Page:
Stage in times of strife
Madeeha, who was here with her play for Ranga Shankara all the way from Lahore, has been lathi charged and jailed. But that hasn't smothered her love for theatre
Madeeha Gauhar: `We have been struggling against fundamentalist forces, whether the Shiv Sena or the Islamic hardliners.' Photo: V. Sreenivasa Murthy
I MEET Madeeha Gauhar, the Lahore-based activist, actor and director in an unlikely setting. She has just returned from a shopping binge and clad in a kaftan, hair dishevelled, she watches her young son distractedly as he scoops up Maggi noodles with his fingers, transfixed to TV cartoons.
Madeeha's Urdu play, Aik Thee Nani, is travelling to full halls with the Prithvi festival. Written by husband Shahid Nadeem, it is based on the lives of actors (and sisters) Zohra Segal and Uzra Butt and unravels the trials of Partition through the stories of their lives. Even in South India where people's preoccupations are considerably distinct from those in the north, the play found a responsive audience.
"I was surprised that the response was so good," Madeeha admits. "In Punjab and Delhi, there's so much more familiarity with the language and culture, but there's a major difference in South India which has not even really been affected by Partition and the subsequent nostalgia and trauma."
Pioneers on stage
Madeeha and Shahid founded Ajoka, their theatre company, 20 years ago, in the oppressive regime of General Zia ul Haq to tackle uncomfortable issues (dowry, honour killings, discriminatory laws) skirted by other more cautious theatre companies.
Ajoka has struggled for space to stage their usually political plays, under regimes which have frowned upon dissent. "Things are much better now in terms of Government," Madeeha accedes. "It's more liberal; our work has got a large audience and people enjoy watching our theatre which combines meaningful entertainment and social issues."
She clarifies that while she is not supporting the Musharraf regime, she sees little other solution to Pakistan's problems. "I would like a democratic government, but those haven't been effective in the past; the military has always been behind them," says Madeeha.
As a professional actor trained at the Royal Holloway College, London, Madeeha has often had run-ins with the hard line establishment. Ajoka was founded around the time Madeeha was lathi charged and jailed along with other activists. Her playwright husband Shahid spent many years in exile, emailing his scripts for her to direct.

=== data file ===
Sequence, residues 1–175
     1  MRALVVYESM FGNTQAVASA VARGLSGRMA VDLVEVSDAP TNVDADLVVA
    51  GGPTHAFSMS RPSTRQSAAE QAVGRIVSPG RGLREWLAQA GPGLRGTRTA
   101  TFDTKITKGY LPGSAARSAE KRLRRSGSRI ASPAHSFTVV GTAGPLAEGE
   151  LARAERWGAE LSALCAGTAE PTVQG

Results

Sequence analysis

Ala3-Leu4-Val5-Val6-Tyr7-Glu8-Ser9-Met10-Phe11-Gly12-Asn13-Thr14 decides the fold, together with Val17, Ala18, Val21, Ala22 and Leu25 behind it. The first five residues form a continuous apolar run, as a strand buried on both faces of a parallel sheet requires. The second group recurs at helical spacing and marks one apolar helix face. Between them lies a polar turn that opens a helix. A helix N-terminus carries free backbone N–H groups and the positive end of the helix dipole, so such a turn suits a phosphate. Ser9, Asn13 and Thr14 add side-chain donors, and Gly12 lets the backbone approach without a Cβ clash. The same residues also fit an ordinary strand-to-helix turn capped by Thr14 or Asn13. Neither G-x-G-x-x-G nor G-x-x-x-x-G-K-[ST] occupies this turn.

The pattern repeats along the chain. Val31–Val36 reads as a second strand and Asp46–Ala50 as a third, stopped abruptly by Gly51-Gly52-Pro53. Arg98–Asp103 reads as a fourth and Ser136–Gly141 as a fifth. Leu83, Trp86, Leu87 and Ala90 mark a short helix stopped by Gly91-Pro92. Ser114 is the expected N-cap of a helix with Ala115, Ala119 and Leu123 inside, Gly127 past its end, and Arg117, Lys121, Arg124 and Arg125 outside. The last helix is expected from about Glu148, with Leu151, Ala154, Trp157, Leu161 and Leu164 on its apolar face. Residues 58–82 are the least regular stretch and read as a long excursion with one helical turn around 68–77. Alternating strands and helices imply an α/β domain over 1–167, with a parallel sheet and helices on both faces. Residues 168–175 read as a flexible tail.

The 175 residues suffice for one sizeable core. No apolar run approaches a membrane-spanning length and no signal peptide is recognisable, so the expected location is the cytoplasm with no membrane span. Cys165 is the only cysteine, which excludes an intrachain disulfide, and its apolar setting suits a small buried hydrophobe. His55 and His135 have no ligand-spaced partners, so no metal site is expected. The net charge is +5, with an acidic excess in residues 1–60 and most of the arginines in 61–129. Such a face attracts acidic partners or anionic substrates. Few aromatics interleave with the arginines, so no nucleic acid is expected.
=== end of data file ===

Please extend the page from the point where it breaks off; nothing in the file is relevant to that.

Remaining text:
Supporting her choice of career and her frank politics was a legendary figure. Her late mother, human rights activist Khadija Gauhar; an influence Madeeha is always prompt to acknowledge. Ajoka's first production was staged on the lawns of Khadija's home. "I've had family support," Madeeha reiterates, "since my mother was a liberal. In fact, she faced more pressure from relatives." Madeeha's sister is also an actress, and together, they make up a small, unusual group of women, taking up acting in a society where music and dance are still prohibited in regions. "The situation is better than it was 20 years ago, but India is more open for women; there's a visible difference across the border," she emphasises.
Ajoka is a pioneer in collaborative efforts between Indian and Pakistani theatre groups, and the first ever Indo-Pak theatre festival, centred around the theme of women, was organised by them and held in Lahore last March.
Despite her admiration for India's plural credentials, Madeeha's play Bullha, on the life of a peace loving Sufi poet, faced irascible censors in Patiala. They were forced to make last minute changes in the play, and Madeeha observes that fundamentalism is on the rise in India. "We (Ajoka) have been struggling against fundamentalist forces, whether the Shiv Sena or Islamic hardliners," she points out.
One of the advantages of the recent thaw in Indo-Pak relations has been deeper interaction between theatre groups in the region. "We have had a big role to play and have started this process," says Madeeha. "Performing in Punjab is very special." Ajoka's embrace hopes to extend to south India and involve theatre groups with diverse perspectives in their efforts at collaborative theatre.
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